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1724670-982768-thumbnail.jpg 'Kulafumbi' is our family home in Kenya, East Africa. 'Kulafumbi' is a play on the Kiswahili words "kula vumbi", which mean "eat dust", because it was so hot and dusty building our house in this remote, wild, wonderful place. Kulafumbi borders the Tsavo National Park - with no fences between us and the Park, the wildlife comes and goes of its own free will and treats our land as its own, which is exactly how we like it. In turn, we provide a protected area for the wild animals to do as they please. This protected area also creates an important buffer for the river, which forms the boundary between us and the park.
House & Land - more info
My Family & I - more info


1829439-992202-thumbnail.jpg Look how many species of animals & birds we've spotted to date at Kulafumbi:


BIRDS: 199+
INSECTS: Too many to count



"We are the music-makers,
And we are the dreamers of dreams,
Wandering by lone sea-breakers,
And sitting by desolate streams;
World-losers and world-forsakers,
On whom the pale moon gleams:
Yet we are the movers and shakers
Of the world for ever, it seems..."



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The Magic of Morning Moments...

What is your definition of a magical moment? For me, it is often a moment spent peacefully at one with nature. The mornings here at Kulafumbi offer many such opportunities.

Spending ten quiet minutes before work out behind the kitchen with the dik diks, hornbills, doves, sparrows and squirrels is a truly special experience, no matter how often one does it - seeing these wild animals coming out of the bushland to wander around by your feet, accepting the gift of food from you...It's hard to express the feeling in words. Observing these wild animals at such close quarters also increases your respect for them and your appreciation of how perfectly they each fulfill their role in nature.

The Unstriped Ground Squirrel and the two Dik dik behind illustrate how well-camouflaged these bush creatures are, perfectly blending in with the colours of their surroundings.


The mother Dik dik (baby behind) has got some strange white marks on her nose - it looks like a fungus of sorts. However, she looks in prime condition, so whatever it is does not seem to be bothering her.


The baby Dik dik (behind) has a shorter, stubbier snout than the adults.


A Squirrel feeds on maize side by side with the mother Dik dik, with an African Mourning Dove in the background, picking up millet.


African Grey Sparrows dance around in the bushes around the Dik dik, plucking up courage to come down for a tasty meal of millet.


The male Von der Decken Hornbill does not bother either the Dik dik or the Squirrel. They are all too intent on filling their bellies as fast as they can!




The Dik dik father behind his offspring. Dik dik males have tiny horns and are somewhat smaller than the females, so depending on whether this baby is male or female, it may grow up to be bigger than its father.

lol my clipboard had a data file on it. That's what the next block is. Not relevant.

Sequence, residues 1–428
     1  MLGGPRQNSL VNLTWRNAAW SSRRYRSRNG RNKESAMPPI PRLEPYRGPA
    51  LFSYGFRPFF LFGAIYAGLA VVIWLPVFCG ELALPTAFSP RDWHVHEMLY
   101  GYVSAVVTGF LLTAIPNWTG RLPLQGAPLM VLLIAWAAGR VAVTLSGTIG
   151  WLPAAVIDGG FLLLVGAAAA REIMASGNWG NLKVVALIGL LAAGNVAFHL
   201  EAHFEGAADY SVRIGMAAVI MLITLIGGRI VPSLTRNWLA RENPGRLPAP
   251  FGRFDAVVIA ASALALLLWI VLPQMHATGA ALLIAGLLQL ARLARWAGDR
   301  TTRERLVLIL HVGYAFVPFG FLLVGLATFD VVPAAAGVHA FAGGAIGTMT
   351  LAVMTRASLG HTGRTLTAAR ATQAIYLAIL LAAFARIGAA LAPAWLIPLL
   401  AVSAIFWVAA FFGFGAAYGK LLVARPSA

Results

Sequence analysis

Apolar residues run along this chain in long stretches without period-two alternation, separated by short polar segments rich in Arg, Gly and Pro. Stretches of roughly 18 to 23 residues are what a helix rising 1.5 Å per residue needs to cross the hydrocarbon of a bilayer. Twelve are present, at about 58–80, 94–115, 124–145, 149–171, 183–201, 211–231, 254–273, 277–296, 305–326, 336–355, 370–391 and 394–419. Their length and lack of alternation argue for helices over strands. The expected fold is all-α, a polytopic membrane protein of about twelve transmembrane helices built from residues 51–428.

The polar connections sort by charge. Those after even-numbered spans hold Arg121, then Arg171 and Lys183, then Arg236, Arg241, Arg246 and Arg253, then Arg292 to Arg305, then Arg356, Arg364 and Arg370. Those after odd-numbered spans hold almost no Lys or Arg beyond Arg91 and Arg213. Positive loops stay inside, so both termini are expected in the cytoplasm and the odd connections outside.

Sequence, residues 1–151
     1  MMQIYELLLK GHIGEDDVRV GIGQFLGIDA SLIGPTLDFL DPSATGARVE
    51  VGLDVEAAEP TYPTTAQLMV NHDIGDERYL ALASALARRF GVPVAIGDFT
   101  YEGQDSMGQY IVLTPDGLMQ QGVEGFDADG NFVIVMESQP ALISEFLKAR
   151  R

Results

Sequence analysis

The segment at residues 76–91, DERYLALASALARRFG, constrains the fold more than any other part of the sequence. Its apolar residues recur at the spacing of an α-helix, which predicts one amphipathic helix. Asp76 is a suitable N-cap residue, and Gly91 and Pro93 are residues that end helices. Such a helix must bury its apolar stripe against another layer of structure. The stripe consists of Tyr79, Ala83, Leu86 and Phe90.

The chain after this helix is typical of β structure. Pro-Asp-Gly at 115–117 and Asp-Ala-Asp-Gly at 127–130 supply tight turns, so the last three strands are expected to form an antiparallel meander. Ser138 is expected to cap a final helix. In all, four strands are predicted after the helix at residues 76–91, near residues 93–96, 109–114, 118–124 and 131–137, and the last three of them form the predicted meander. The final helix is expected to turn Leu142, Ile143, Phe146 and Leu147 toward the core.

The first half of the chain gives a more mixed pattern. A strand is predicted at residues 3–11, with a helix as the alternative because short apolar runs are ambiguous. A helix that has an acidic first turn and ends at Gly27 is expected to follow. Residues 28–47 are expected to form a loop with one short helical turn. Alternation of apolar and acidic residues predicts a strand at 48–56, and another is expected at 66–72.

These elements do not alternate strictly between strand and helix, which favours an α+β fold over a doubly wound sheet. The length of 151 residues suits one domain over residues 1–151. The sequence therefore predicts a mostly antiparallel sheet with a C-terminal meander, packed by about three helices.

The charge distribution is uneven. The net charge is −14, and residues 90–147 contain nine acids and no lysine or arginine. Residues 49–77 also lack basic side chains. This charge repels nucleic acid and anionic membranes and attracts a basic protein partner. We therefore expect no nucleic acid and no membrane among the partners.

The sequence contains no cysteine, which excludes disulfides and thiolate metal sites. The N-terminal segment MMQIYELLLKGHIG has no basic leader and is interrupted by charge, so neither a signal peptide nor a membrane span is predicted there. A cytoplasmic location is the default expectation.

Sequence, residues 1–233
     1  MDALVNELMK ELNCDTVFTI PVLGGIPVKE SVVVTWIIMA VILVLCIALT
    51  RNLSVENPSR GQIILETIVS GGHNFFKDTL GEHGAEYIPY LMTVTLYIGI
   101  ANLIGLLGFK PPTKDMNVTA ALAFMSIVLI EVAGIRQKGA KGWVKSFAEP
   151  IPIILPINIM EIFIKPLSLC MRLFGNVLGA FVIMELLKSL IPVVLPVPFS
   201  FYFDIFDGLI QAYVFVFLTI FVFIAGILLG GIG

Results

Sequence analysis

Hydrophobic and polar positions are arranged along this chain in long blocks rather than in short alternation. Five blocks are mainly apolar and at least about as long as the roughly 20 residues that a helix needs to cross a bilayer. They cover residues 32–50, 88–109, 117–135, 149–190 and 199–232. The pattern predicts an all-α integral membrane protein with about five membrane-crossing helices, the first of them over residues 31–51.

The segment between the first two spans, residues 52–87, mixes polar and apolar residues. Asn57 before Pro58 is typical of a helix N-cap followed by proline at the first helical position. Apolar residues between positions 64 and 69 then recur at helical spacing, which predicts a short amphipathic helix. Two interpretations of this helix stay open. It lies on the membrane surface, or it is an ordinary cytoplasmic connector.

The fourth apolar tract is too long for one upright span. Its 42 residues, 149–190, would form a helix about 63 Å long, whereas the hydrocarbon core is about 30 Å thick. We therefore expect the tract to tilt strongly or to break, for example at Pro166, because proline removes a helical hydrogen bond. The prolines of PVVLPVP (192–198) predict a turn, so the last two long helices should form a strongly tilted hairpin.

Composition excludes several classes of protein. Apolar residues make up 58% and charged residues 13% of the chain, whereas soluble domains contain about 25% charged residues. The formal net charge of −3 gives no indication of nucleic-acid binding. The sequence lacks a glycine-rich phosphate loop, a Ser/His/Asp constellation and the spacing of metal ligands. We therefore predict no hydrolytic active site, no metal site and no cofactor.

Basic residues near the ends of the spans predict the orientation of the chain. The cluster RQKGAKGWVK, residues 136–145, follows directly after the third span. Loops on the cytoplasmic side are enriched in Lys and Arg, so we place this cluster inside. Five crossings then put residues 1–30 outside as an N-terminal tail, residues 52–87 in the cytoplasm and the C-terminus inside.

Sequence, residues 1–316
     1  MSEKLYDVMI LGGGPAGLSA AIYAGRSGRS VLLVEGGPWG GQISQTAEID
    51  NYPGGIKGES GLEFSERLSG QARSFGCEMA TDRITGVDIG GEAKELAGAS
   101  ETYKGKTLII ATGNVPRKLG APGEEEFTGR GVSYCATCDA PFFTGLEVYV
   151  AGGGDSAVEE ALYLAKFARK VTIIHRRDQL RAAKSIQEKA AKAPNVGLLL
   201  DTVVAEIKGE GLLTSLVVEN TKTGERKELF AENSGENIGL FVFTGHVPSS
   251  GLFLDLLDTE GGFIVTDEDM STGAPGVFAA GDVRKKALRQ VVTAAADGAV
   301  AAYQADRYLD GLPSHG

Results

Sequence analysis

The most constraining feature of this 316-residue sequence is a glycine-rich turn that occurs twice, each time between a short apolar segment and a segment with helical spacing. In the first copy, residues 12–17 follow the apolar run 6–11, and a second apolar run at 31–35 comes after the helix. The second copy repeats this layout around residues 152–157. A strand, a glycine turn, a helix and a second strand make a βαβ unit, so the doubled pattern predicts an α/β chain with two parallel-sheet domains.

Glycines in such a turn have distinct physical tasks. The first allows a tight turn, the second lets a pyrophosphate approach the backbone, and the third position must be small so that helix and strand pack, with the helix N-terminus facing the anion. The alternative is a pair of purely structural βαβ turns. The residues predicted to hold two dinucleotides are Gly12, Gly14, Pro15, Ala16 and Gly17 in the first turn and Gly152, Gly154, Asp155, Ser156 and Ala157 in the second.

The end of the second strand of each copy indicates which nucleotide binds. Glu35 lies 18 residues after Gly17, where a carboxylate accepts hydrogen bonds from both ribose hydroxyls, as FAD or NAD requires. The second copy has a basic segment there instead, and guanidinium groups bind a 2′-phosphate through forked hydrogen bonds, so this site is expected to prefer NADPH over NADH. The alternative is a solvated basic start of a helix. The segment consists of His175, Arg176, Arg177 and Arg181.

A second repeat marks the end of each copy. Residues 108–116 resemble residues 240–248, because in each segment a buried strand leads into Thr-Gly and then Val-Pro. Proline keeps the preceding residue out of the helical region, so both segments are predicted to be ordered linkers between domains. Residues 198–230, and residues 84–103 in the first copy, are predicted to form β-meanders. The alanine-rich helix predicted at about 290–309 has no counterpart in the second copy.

The whole family: Baby in front, mother directly behind it and father off to the right behind.


Speaking of families, this immature female Von der Decken Hornbill turned up behind the kitchen for the first time yesterday. It must have been out of the nest for quite a while already, but you can tell it is not yet fully grown by the shorter beak and the still-speckled wing coverts. Considering we are at the end of the dry season, it is a strange time for young birds to appear - normally they would hatch in the wet season when food is plentiful. Certainly, the adult Hornbills are courting, and look like they are getting ready to mate as we also wait expectantly for the imminent rains.


The Red-billed Hornbills also have a youngster in tow. Again, you can tell by the immature bird's much shorter beak (on the left).


Magic is also watching a herd of elephants, sporting an abundance of babies of all sizes, crossing an African river in the grey light just before dawn breaks fully:


Kulafumbi is now on Facebook...join us over there for extra photos and news snippets...



Reader Comments (3)

Beautiful pictures, I really like!

December 4, 2010 | Unregistered CommenterJohn

Kulafumbi seems to be a great place to watch the wild creatures from closely...The squirrel,the dik dik, and the Von der Decken Hornbill are so beautiful....Frankly saying your post really increases their respect in my heart...I too a person who love to feel the life's of wild creatures and your post lighten up that feeling..Thanks for this...

Wow..!!!! Love to see the wild creatures early in the morning....You are so lucky that you have shoot out the morning life's of these beautiful animals and birds...Squirrel and the Dik are looking so innocent...i like their beautiful eyes...

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January 17, 2011 | Unregistered Commenterdosonjack36

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